By Porter Anderson, Editor-in-Chief | @Porter_Anderson
Grooms: The ‘Skill of the Press’ Compositors and Printers’In an interesting point of irony, Cambridge University Press’ 34 “Christmas Books” series was started by university printer Walter Lewis in the early 1930s, in hopes of showing off the press’ printing and design skills as the British economy slowed. And now, just in time for another economic downturn—as well as for the holiday season, of course—these highly specialized editions, “privately printed at the University Press,” have been digitized by the press to preserve a remarkable collection of limited editions.
These are not Christmas books in the sense of titles themed on Christmas. They’re called the press’ Christmas books because they were given to industry associates and customers at Christmas, in no small part as promotional pieces.
In most cases, only some 100 copies were made of a single title, and all of them were given away to “friends in printing and publishing.”
This meant that Cambridge University Press itself didn’t have a complete set of these rare editions, the last of which was produced in 1973. Starting in 2014, the press has been working to pull together a complete set of its own, drawing on “a mixture of donations and detective work.”
Ros Grooms, the press’ archivist says, “The books were published for a long time, with a pause for the Second World War, and demonstrate real excellence in the way they are put together. They aren’t showy, but all the signs of quality in printing, typography and design would have been obvious to the people receiving them.
“Great care was taken over the books but their secret was really in the experience and skill of the press’ compositors and printers. People were chosen to work on the books in recognition of their skill and they worked together to produce something really special.
“Looking through the pages, it’s easy to imagine the pleasure that these little books would have given to someone opening one for the first time at Christmas.”
In most cases, the books have a connection with Cambridge. Brooke Crutchley Walter Lewis as university printer in 1946, and continued the tradition of producing the books which, by then, had gathered a reputation. About a third of them reprint historical texts and most, of course, are related to printing and publishing since the intent was to demonstrate the company’s capabilities.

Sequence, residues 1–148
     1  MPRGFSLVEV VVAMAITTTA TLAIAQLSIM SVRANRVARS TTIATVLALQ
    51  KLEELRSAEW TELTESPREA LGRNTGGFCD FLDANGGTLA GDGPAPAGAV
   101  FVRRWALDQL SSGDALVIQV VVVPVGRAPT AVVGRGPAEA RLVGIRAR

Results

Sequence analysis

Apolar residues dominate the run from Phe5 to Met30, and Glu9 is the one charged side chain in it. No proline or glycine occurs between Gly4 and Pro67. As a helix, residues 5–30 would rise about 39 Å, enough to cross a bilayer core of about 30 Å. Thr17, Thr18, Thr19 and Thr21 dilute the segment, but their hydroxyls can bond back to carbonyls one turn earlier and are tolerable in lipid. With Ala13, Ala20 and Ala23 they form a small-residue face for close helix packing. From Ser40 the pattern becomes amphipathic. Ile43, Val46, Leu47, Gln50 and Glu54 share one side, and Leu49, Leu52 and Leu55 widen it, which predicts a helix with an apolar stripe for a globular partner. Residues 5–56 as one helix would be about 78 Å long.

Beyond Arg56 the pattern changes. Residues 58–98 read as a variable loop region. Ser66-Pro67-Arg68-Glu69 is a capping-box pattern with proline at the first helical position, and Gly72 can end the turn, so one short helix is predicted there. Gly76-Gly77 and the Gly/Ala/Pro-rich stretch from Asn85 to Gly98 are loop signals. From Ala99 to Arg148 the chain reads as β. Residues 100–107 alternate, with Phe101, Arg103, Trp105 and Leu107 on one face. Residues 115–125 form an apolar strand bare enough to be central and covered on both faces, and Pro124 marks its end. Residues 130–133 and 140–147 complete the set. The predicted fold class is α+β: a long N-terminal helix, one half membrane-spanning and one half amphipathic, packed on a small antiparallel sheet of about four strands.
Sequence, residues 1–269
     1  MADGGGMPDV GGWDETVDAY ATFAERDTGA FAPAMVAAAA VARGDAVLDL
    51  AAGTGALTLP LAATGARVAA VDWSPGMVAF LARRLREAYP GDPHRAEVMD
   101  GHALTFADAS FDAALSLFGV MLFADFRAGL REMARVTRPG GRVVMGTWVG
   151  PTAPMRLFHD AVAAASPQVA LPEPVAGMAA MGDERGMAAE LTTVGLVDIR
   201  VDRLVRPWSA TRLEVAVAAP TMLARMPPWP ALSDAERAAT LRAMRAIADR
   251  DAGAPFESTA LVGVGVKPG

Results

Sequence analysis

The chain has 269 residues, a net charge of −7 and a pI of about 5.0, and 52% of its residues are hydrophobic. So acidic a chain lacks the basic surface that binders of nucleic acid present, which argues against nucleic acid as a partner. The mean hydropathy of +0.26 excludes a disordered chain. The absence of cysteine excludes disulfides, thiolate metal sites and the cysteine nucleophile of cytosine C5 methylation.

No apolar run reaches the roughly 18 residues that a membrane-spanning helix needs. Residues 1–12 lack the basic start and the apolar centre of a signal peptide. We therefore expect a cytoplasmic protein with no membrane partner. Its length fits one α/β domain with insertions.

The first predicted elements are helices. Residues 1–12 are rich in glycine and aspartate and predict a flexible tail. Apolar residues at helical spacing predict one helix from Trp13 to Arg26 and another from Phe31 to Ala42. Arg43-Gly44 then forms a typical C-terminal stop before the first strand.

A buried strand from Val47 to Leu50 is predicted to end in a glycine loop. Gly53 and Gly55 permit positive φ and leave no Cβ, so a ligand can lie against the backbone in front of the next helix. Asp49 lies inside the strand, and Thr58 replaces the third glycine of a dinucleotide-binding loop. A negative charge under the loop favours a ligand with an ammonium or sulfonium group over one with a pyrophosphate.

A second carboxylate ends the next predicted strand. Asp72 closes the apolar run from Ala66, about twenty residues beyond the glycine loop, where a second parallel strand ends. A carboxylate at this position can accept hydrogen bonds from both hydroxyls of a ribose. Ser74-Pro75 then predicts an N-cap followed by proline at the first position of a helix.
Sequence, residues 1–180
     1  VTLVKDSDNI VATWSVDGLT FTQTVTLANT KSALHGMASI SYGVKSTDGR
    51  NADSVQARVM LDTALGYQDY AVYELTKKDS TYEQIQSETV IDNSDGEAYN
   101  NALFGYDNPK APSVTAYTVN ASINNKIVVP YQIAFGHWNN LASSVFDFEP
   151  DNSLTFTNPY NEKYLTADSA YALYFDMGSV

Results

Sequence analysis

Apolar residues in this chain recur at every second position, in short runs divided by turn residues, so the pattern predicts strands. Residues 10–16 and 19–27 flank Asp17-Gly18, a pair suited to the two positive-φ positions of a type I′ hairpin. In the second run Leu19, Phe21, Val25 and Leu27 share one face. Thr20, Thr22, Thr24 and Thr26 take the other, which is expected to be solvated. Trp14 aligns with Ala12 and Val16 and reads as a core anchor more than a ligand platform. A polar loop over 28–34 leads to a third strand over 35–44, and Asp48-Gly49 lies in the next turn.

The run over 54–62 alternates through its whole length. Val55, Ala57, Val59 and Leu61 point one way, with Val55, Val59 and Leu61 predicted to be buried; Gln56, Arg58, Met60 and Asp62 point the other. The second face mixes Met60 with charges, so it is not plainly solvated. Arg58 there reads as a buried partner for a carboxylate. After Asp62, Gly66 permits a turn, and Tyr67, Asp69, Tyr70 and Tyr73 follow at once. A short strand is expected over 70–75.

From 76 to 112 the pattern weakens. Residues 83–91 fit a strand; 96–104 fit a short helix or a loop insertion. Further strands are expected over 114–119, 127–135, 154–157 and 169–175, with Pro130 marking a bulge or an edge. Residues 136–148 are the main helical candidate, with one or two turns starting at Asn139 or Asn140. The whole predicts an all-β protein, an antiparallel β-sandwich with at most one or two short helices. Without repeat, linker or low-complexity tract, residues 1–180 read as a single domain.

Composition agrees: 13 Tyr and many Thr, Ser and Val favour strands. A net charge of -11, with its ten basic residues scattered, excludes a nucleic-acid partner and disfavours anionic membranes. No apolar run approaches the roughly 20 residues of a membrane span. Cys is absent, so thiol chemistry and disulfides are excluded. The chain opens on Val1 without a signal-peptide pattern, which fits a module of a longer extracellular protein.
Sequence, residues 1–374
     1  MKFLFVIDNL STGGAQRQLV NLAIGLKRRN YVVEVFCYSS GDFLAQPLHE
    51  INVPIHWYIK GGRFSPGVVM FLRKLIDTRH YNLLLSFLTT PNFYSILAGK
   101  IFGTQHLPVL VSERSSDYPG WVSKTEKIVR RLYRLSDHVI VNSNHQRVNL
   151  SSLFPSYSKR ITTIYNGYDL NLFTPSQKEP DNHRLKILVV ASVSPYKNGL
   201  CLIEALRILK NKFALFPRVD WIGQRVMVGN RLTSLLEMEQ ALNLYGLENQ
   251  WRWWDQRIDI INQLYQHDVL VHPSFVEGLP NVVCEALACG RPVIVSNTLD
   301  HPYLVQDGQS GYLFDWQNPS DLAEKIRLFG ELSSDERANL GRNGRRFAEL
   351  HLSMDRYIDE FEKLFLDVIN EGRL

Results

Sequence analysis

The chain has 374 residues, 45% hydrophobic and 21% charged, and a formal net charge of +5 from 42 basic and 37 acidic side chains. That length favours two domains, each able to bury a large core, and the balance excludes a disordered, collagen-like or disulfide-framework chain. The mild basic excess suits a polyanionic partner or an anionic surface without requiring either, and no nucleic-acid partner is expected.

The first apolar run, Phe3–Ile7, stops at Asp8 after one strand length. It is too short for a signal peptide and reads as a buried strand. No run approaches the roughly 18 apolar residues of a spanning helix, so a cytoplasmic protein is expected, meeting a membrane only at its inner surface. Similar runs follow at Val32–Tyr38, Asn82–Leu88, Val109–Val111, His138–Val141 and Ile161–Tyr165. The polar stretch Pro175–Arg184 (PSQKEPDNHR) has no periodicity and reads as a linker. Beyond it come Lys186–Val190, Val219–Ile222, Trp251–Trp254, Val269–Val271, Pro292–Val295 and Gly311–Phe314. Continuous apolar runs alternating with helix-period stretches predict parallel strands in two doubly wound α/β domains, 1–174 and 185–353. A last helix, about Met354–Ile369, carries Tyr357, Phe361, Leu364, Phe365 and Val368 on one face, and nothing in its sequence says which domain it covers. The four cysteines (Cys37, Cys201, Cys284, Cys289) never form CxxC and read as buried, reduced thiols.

Swanson: ‘The Last Book We Needed’
Gavin Swanson, who last year left the press’ academic publishing group—and now is editorial development manager in the journals division—was instrumental in searching out the books.
“Initially, I got a list of the books that we didn’t have and used that,” he says, “together with what was essentially a catalogue, containing a couple of paragraphs of description for each of the Christmas books, their titles and a list of illustrations.
“I would trawl through the sites of book dealers to find the missing volumes and finally came up with an original copy of the last book we needed, 1939’s From London to Cambridge by Train, just before I left the press, so I snaffled it as quickly as I could and that thankfully completed the collection.”
“These are an important piece of our heritage,” Grooms says, “and we are very grateful to Gavin for his hard work and to all those who kindly donated what must have been much-loved items, to allow us to preserve them for many Christmases to come.”
Digitizing Cambridge Press History
The press’ digital content team made archive-quality photos of the books and their slipcases that were made for many of the books.
Some of the volumes were photographed on a conservation cradle at higher resolution than others, including the “lift-the-flaps” Bridges on the Backs pictured at the top of this article.
Johanna Ward from the digital content team is quoted, saying, “The majority are robust enough to be digitized on a book cradle, which supports the book to allow for the high-resolution digitization of two pages at once, while not applying much pressure to its structure. … Archival photography is based on specific color calibration methods to faithfully reproduce the book as seen. We’re also digitizing at a ratio of 1:1 and so the image should also be a faithful reproduction of the size of the book.”
She points out that a file from such work isn’t as large as it might have been because these books aren’t large.
Seeing the Results: Not Yet
Publishing Perspectives has asked Cambridge University Press how to see the digitized collection of Christmas books, and unfortunately the archive has yet to post the collection to its site, although they have approached the news media for coverage.
We’ve asked the company to let us know when it’s available, and we’ll revisit and update this story when they have the collection ready for viewing on the archive, perhaps on a Christmas Future.
Meanwhile in the video below, Cambridge University Press archivist Ros Grooms talks about the project, the special work it comprises, and its importance to the press. The piece includes many visuals of the work.
More from Publishing Perspectives on Cambridge University Press is here, more from us on the British market is here, more on university presses is here, more on digitization is here, and more on digital publishing is here.